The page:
As I spend more and more time exploring this subject of flight in all my album prep, the more I realize that it's been on my mind for a long, long time. It pops up in notebooks and old journals from years ago - the word fly drawn or decorated or colored in with time and care. The phrase fly woman genius itself came out of an exercise I did while studying at Shakespeare & Company a few years back. I have a necklace, a pendant of found text that reads simply, "free". I bought it with the intuition that I was far from free in my life at that time, and in the hopes that it would somehow magically transform me and teach me how to be. And I'm not alone. It was surprising to me how many of the composers I asked onto this project already had a song in their proverbial trunk about flying, or at least wanting to. Nor did I really need to go out and have new songs written at all; the musical theater canon is full of them. Now that it's on my mind I seem to hear them in every class or audition I go to.
But that's really no surprise, is it? Humankind has been enthralled by flight for thousands of years. Pick a culture, extant or not; it probably has a bird myth or five. Or just ask the Wright brothers, or Amelia Earhart. It's not just me; it's all of us.
We feel stuck in unhealthy relationships, going nowhere at our dead-end jobs, hemmed in and caged and put in a box. We daydream with our heads in the clouds. We get pushed out of the nest. We want to break free, we want to spread our wings, we want to fly far far away from here. And what do we imagine happens when we die (if we are very, very good)? ...we get to go live in the clouds and sprout wings and fly around all day! (and play the harp, although that's another story.)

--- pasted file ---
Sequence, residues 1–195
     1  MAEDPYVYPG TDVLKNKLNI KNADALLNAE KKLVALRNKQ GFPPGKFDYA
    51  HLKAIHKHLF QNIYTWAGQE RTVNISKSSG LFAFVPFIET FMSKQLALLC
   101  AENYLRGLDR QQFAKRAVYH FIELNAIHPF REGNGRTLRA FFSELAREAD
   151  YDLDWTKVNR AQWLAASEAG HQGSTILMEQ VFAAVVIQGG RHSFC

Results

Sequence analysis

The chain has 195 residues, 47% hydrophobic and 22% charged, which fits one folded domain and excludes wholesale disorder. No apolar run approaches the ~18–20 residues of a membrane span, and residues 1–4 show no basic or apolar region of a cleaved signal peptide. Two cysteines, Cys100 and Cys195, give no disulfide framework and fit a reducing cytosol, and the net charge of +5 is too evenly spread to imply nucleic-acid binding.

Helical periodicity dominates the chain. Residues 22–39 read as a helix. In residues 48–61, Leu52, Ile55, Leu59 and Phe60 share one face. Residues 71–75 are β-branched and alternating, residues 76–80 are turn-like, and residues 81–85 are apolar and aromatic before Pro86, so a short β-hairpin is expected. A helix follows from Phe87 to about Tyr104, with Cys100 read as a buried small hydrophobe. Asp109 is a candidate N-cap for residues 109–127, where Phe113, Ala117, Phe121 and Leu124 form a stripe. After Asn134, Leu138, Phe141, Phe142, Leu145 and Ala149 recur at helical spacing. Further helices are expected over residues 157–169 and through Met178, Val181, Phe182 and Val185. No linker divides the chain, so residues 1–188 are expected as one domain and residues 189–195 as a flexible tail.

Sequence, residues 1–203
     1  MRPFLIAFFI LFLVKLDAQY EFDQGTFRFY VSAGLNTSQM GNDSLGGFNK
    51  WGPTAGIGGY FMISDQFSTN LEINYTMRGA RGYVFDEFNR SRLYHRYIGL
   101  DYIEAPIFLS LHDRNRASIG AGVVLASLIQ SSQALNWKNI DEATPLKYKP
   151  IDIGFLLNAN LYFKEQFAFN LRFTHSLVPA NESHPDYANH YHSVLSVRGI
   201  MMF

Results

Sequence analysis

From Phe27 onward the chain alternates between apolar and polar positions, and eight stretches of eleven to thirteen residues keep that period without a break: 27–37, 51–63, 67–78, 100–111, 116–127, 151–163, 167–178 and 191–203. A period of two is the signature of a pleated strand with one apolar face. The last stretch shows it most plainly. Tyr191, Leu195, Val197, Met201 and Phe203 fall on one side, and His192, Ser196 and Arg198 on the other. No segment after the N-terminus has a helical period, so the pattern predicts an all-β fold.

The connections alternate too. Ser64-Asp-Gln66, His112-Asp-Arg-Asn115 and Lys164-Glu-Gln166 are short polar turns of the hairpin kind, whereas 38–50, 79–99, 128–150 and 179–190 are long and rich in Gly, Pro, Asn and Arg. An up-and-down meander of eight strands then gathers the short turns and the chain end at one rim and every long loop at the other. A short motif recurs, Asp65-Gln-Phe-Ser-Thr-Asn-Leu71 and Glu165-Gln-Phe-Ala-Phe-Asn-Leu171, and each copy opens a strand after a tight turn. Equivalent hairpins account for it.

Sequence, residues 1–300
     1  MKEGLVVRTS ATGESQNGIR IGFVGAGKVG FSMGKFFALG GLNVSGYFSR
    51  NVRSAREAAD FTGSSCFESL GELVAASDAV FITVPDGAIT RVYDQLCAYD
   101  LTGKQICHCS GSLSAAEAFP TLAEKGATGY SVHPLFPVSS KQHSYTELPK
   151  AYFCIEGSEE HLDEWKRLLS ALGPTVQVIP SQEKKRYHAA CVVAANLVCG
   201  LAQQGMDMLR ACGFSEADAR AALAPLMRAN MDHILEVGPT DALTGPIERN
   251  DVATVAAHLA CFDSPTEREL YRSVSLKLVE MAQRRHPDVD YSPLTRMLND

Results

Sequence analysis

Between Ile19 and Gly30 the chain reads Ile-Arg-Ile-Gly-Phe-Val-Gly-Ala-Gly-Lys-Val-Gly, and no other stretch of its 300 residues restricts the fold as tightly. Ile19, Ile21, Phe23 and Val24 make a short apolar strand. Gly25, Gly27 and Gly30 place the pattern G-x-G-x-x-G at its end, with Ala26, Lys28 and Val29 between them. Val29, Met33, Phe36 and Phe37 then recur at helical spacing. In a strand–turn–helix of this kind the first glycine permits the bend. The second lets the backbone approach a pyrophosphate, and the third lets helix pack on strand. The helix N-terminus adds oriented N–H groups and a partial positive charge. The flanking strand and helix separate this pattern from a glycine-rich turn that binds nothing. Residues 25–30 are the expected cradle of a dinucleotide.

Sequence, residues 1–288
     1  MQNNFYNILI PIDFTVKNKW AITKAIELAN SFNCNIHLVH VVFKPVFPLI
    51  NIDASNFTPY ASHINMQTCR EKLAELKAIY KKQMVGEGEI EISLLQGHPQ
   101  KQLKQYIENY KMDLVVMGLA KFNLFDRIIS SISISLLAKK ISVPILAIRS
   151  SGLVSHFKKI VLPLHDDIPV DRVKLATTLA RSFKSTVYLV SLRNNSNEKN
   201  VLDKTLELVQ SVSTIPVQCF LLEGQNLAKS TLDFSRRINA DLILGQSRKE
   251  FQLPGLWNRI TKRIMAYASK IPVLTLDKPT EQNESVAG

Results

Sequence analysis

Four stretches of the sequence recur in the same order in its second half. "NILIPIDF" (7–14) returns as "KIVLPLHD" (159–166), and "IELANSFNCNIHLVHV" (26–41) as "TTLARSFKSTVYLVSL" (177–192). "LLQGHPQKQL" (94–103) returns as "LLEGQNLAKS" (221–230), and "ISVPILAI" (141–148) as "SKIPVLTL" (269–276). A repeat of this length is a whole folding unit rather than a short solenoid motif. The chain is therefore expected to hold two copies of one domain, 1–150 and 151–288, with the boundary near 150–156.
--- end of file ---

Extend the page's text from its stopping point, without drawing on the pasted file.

My sense in all of this is that we all know, somewhere deep in our subconscious perhaps, what we are really made of and who we are meant to be. It's what (I imagine) Denise Levertov was writing about in the poem from yesterday. Freefall. Resting upon air. We may not know how to get there, and it may not be possible to leap off the cliff, quit our jobs and change our lives and fly, tomorrow. But the icky feelings and the teenage rebellion and the pervasive human intuition that I gotta get out and fly away are all there for a reason. The question is, what are we going to do about them?